Quick Start: While a wealth of detailed information is available on how to use all of Canvas's tools and features is available in the Canvas Guides, these Quick Start articles can help get you up and running in Canvas with the most common tasks and frequently asked questions.
Note: All JD classes are separated from MSL courses. Faculty will need to add MSL students to the JD section of the course to prevent having to use two different courses in Canvas.
Suggested Resources for Online Learning
Professor St. Val recorded a video on Building Virtual Rapport: Real Relationships for Effective Online Learning
Use the Canvas Inbox instead of email. The Inbox in Canvas is not exactly email. If users have their notification preferences set up such that a new message arriving in their Inbox generates an email notification, then they will get an email (to their Pitt account) letting them know they have a new message (and will also give the text of the message so there’s not any need to go to Canvas to read it). The default settings for notifications are to send these new Inbox message notifications immediately upon arrival; users would have to go out of their way to turn this feature off.
The reason it’s set up this way is that email is actually not a great way to know you’re really reaching students. Spam filters have individual settings and preferences; therefore, we cannot guarantee students receipt of email.
Note: As the sender, you do not receive notification of the sent message (even if you cc yourself). Should you also want a copy to your email, please contact email@example.com for instructions.
Use the Canvas appointment tool to schedule appointments with students.
Organize your online content into “modules.” Create a module for each class session. There you can post readings, PowerPoints, supplemental material, link to video and more.
The goal of a discussion board assignment is to get students talking to each other. In this area, students can have conversations through posting their ideas, responding to other posts or even posing questions.
Tips from Jesse Stommel, executive director of the Division of Teaching and Learning Technologies at the University of Mary Washington:
- Build a community of care.
- Ask genuine, open-ended questions.
- Wait for answers.
- Let conversation wander.
- Model what it looks like to be wrong and to acknowledge when you're wrong.
- Recognize that the right to speak isn't distributed equally.
- Make listening visible.
Using meaningful work, rather than busy work. See the below on the right as to how a student is able to think about what was read and listened to the lecture to reinforce and have reflection.
Suggested Resources for Discussion Boards:
- Discussion Boards: Valuable? Overused? Discuss., Inside Higher Ed
- The Power of Discussion Boards, Instructional Design at USF
While this feature isn’t built in, it is still possible to create a student assignment that can serve as a journal. By following the instructions, you can create a weekly assignment that can be resubmitted each week or create individual assignments if you want to give a grade for each submittal.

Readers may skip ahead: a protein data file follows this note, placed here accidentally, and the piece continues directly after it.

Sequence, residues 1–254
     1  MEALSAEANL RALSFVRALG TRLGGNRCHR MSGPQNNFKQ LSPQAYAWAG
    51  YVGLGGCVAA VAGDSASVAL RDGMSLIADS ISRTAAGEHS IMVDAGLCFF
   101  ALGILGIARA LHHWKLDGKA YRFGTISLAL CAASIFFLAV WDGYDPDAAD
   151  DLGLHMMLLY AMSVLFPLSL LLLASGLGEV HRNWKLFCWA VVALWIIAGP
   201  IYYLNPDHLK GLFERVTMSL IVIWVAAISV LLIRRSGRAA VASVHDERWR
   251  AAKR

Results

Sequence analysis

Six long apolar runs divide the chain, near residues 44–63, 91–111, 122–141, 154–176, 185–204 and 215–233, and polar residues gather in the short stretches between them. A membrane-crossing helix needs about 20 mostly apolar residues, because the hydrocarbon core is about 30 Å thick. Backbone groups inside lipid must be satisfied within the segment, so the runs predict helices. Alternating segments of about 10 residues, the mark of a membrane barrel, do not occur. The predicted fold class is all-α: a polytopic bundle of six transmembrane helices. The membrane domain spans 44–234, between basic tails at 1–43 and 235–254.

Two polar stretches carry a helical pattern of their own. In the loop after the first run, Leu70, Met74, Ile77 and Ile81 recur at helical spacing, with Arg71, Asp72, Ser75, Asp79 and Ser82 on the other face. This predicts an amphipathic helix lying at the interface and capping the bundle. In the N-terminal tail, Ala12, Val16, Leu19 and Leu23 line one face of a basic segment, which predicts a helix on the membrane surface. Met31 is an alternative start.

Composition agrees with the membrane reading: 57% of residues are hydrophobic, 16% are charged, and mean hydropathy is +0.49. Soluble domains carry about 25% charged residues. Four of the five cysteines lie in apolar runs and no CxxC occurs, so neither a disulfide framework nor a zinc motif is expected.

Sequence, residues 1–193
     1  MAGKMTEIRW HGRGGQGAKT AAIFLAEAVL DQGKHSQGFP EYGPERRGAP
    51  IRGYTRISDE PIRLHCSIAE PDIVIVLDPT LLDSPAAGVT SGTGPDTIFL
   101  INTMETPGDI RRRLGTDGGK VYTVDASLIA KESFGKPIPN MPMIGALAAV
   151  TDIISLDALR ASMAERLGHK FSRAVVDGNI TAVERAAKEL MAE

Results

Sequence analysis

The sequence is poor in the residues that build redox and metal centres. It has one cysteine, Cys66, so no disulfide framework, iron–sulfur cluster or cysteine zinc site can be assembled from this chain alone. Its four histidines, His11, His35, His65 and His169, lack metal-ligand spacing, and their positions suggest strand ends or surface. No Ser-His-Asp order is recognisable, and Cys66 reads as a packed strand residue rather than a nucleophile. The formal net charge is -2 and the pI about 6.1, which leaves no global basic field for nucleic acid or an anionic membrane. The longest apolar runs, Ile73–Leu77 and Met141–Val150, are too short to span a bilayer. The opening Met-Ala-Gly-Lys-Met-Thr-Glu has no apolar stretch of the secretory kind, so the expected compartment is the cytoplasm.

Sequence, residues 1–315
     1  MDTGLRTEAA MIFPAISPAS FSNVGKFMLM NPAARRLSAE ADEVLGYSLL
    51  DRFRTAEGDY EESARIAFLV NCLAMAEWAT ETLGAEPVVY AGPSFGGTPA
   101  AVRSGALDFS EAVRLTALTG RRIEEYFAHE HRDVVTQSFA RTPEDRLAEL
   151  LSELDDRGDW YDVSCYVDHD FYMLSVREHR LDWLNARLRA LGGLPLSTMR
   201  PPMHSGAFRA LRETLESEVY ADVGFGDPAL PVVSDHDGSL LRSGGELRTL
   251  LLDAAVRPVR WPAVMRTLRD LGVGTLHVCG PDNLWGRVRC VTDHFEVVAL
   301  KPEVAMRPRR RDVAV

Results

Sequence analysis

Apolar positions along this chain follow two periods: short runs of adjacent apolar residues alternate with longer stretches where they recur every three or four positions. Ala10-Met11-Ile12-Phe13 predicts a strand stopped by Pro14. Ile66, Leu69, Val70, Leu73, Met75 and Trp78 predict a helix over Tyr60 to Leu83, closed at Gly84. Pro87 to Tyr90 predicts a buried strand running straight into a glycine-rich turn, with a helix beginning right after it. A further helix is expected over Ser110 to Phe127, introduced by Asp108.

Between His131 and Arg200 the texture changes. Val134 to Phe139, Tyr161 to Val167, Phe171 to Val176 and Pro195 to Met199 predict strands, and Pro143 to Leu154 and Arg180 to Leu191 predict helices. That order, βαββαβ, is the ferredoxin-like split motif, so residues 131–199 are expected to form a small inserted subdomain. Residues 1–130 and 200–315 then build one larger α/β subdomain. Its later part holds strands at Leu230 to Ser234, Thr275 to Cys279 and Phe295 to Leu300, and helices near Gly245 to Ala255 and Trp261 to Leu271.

A Wiki allows students to collaborate by creating content to share various commentary or tools that provide understanding of a particular subject. "Wikis permit asynchronous communication and group collaboration... Variously described as a composition system, a discussion medium, a repository, a mail system, and a tool for collaboration, wikis provide users with both author and editor privileges; the overall organization of contributions can be edited as well as the content itself. Wikis are able to incorporate sounds, movies, and pictures; they may prove to be a simple tool to create multimedia presentations and simple digital stories" (Educause, 2005).
Zoom web-conferencing can be used to set up synchronous online class meetings with your students directly through Canvas. We are finding that for many users, this process goes more smoothly if they pay a visit to https://pitt.zoom.us first, and sign in there at least once before using the integration.
Simulate the use of a chalkboard by using the Whiteboard tool.
Break up students into small discussion groups or use for group work.
Create single choice or multiple choice questions that participants can use to respond to.
More Tips for Zoom
- Best used with 30 or less students.
- Use video on, even if students do not.
- Look directly at the webcam. This makes what you have to say more meaningful.
- Always record session; however, you could make a part of the discussion off recording for more personal questions before or after a session. This can allow for students to feel they can approach you.
- Be sure to monitor the chat. Alternatively, you may assign a student or TA to monitor and ask questions when needed for a participant.
- Turn on 49 thumbnails for the viewing screen.
- Additional resources may be found on the Zoom Help Documentation.
Connect your pre-recorded lectures to Canvas.
The University Center for Teaching and Learning has documented all tools provided in this section. This serves as a guide to finding that documentation. You can always contact them by the following means: